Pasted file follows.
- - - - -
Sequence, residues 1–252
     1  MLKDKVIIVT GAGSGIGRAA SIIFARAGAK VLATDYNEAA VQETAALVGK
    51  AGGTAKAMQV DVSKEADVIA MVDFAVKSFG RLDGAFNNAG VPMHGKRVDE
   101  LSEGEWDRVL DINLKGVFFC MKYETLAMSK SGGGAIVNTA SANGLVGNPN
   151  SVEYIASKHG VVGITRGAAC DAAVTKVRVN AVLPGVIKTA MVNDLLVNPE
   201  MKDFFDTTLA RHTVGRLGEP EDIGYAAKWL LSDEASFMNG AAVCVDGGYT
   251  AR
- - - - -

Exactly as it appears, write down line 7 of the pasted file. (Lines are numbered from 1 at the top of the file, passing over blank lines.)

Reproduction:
   251  AR